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Pyeongchang 2018: Your verdict

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Yes, it is verdict time again! Mine will follow next. What was your impression of the Pyeongchang 2018 Games?

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It‘s a double-edged sword for me:

From German sports perspective, it was spectacular two weeks, as not only the usual suspects delivered, but also there were more positive moments than disappointments, in particular Savchenko/Massot and Ice Hockey of course. And for the Czech part of my family, the Ledecka story was of course amazing.

Overall, everything also seemed to run smoothly without big drama after the initial weather problems.

Double-edged however because the IOC obviously does want to give Russia absolution asap after the Games and I‘m in general cautious if really everyone, Russian or not, except for those few that got caught really is clean. Lack of atmosphere and audience with many events was noticeable too, and I have my doubts about legacy as well. I‘m also very sceptical that there will really be sustained progress between North and South once everything is over and the cameras are off again.

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Not bad. Not great. But a fine edition to the Winter Olympics. I think what bugged me the most were those empty seats, and lack of natural snow. CBC broadcasting could've been a little better, but if you missed something on TV, just go to the website. I did like CBC's VR app. Felt like being there. Maybe it was because of the VR there were empty seats ;). I contacted CBC via twitter about an hour ago. I asked them how long clips would be up. They responded until Aug 8. So if you guys in Canada missed anything, got plenty of time to watch or rewatch!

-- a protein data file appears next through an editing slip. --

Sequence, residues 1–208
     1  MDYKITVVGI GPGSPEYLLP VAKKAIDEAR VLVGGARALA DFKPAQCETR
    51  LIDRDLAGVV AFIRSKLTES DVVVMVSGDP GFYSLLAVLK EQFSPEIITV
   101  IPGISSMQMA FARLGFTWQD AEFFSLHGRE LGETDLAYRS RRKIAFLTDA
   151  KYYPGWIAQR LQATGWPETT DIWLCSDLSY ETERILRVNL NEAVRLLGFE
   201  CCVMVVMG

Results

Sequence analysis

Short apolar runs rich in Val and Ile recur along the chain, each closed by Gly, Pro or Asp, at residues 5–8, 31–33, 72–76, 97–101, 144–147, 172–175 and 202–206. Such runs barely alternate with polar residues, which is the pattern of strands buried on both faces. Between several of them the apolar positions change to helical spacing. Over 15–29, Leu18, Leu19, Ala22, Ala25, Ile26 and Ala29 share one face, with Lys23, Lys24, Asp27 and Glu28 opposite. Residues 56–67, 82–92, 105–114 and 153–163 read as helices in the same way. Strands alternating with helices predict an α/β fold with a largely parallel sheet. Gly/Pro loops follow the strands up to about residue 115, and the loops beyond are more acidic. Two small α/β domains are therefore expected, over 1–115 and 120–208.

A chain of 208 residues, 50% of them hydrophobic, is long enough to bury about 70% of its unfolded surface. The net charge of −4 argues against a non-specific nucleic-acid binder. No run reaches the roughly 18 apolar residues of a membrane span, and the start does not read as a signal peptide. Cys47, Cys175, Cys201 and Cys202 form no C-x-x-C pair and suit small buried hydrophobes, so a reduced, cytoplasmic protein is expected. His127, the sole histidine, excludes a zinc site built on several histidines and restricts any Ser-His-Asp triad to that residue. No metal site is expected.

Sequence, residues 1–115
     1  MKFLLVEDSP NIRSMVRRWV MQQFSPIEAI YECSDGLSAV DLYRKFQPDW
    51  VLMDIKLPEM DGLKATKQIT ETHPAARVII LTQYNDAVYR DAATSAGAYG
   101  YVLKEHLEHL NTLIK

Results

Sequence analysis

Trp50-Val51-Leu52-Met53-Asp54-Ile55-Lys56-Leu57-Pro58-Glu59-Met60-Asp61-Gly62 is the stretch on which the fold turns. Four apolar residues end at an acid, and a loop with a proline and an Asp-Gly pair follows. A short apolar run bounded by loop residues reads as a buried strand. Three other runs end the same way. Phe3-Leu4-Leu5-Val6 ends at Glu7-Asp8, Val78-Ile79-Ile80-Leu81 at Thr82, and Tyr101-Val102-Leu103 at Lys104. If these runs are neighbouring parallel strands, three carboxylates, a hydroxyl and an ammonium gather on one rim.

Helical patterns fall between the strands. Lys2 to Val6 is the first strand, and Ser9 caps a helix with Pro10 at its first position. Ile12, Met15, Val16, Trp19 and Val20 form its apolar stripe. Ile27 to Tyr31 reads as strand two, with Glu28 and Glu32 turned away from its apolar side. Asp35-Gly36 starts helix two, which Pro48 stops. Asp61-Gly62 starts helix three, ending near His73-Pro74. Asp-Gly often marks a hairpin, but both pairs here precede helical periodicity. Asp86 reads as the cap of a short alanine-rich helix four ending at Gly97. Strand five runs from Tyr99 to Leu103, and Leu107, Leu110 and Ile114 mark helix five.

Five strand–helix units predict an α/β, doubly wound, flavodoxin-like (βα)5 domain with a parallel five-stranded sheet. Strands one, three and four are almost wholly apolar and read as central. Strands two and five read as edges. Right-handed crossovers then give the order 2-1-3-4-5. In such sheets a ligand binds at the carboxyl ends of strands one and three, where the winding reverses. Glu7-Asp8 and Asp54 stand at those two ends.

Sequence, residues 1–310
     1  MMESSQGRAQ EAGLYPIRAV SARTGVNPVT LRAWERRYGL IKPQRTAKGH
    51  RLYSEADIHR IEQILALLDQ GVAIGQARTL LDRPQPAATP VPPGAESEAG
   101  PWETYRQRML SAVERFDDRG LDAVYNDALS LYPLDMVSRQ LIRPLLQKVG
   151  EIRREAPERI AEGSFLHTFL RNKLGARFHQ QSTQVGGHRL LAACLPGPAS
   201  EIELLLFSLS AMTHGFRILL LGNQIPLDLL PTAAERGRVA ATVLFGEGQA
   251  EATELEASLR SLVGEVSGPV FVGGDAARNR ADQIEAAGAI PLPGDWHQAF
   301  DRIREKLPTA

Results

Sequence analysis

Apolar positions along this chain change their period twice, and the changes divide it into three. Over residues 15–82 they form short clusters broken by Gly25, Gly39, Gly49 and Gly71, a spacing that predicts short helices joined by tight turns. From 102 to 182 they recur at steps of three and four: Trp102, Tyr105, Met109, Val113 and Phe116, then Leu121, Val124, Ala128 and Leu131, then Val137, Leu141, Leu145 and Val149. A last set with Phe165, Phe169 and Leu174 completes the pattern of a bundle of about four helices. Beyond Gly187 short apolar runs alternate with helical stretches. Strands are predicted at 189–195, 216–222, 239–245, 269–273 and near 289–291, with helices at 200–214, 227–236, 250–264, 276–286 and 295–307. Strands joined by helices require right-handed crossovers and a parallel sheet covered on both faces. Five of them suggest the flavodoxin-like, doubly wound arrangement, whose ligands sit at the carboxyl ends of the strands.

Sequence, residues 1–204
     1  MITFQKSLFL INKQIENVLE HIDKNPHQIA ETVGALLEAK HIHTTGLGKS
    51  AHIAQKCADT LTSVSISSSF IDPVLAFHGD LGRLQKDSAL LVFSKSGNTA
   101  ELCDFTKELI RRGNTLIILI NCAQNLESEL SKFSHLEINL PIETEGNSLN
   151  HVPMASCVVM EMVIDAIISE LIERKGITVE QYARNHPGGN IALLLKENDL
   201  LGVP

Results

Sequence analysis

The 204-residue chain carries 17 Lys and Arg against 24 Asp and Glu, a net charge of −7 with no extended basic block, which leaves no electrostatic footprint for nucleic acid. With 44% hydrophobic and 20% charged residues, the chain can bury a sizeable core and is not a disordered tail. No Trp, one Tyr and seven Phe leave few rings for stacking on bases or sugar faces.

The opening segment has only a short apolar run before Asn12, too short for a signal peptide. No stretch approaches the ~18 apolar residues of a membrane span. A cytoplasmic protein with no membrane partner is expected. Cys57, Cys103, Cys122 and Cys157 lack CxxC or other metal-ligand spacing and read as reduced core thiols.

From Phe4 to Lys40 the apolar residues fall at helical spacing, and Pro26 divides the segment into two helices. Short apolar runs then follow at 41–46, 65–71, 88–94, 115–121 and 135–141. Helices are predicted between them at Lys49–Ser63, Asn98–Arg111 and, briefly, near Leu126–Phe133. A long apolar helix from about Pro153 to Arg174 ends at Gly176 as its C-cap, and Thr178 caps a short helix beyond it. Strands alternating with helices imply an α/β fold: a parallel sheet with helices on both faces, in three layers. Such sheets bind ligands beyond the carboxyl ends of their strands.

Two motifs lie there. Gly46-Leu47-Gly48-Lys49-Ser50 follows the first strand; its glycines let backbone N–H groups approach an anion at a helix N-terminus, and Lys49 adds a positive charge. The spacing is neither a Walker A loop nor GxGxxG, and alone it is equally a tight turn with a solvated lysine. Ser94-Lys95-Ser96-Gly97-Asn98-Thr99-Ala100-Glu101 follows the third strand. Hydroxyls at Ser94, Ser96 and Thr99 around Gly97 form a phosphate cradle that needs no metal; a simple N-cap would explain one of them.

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Alright, here's mine:

Overall, I found these Games far more enjoyable than I originally expected. I felt absolutely no excitement and anticipation before these Games, due to the scandals surrounding the sports world and the IOC and also due to the location of these Games. I expected very lacklustre Games. But I was wrong in several regards.

First of all, my verdict is of course influenced by the very strong showing of Team Germany. 14 gold medals means the biggest gold haul in their Winter Olympic history, and a total of 31 medals means a strong increase compared to the rather disappointing Sochi Games (19 medals). I sometimes thought that even if Munich didn't get the 2018 Games, the performance of "Team D" seemed like one at "Olympics at home", with a home advantage. Of course one could ask oneself if they would have been even stronger if the Games had been held in Munich, but nonetheless, it's a fantastic result. It was particularly great to see how the German ice hockey team surpassed even its own expectations and almost even became Olympic Champions, Aljona Savchenko finally winning her long-desired gold medal and the return of Germany as strong bob nation, including the surprise victory of Mariama Jamanka and Lisa Buckwitz. Of course, there are weak spots - alpine skiing and cross-country skiing clearly in particular, but also the freestyle and snowboard events -, but even winter powerhouse Norway was not successful across the board.